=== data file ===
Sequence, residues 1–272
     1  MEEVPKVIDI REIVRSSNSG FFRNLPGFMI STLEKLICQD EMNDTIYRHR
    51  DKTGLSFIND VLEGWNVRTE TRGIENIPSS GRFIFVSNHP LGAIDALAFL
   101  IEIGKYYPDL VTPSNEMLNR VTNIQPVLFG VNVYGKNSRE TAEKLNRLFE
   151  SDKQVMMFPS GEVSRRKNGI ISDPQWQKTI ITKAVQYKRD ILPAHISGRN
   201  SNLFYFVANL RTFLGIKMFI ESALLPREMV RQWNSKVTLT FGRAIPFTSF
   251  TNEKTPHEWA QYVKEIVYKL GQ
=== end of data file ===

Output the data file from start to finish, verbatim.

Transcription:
Sequence, residues 1–272
     1  MEEVPKVIDI REIVRSSNSG FFRNLPGFMI STLEKLICQD EMNDTIYRHR
    51  DKTGLSFIND VLEGWNVRTE TRGIENIPSS GRFIFVSNHP LGAIDALAFL
   101  IEIGKYYPDL VTPSNEMLNR VTNIQPVLFG VNVYGKNSRE TAEKLNRLFE
   151  SDKQVMMFPS GEVSRRKNGI ISDPQWQKTI ITKAVQYKRD ILPAHISGRN
   201  SNLFYFVANL RTFLGIKMFI ESALLPREMV RQWNSKVTLT FGRAIPFTSF
   251  TNEKTPHEWA QYVKEIVYKL GQ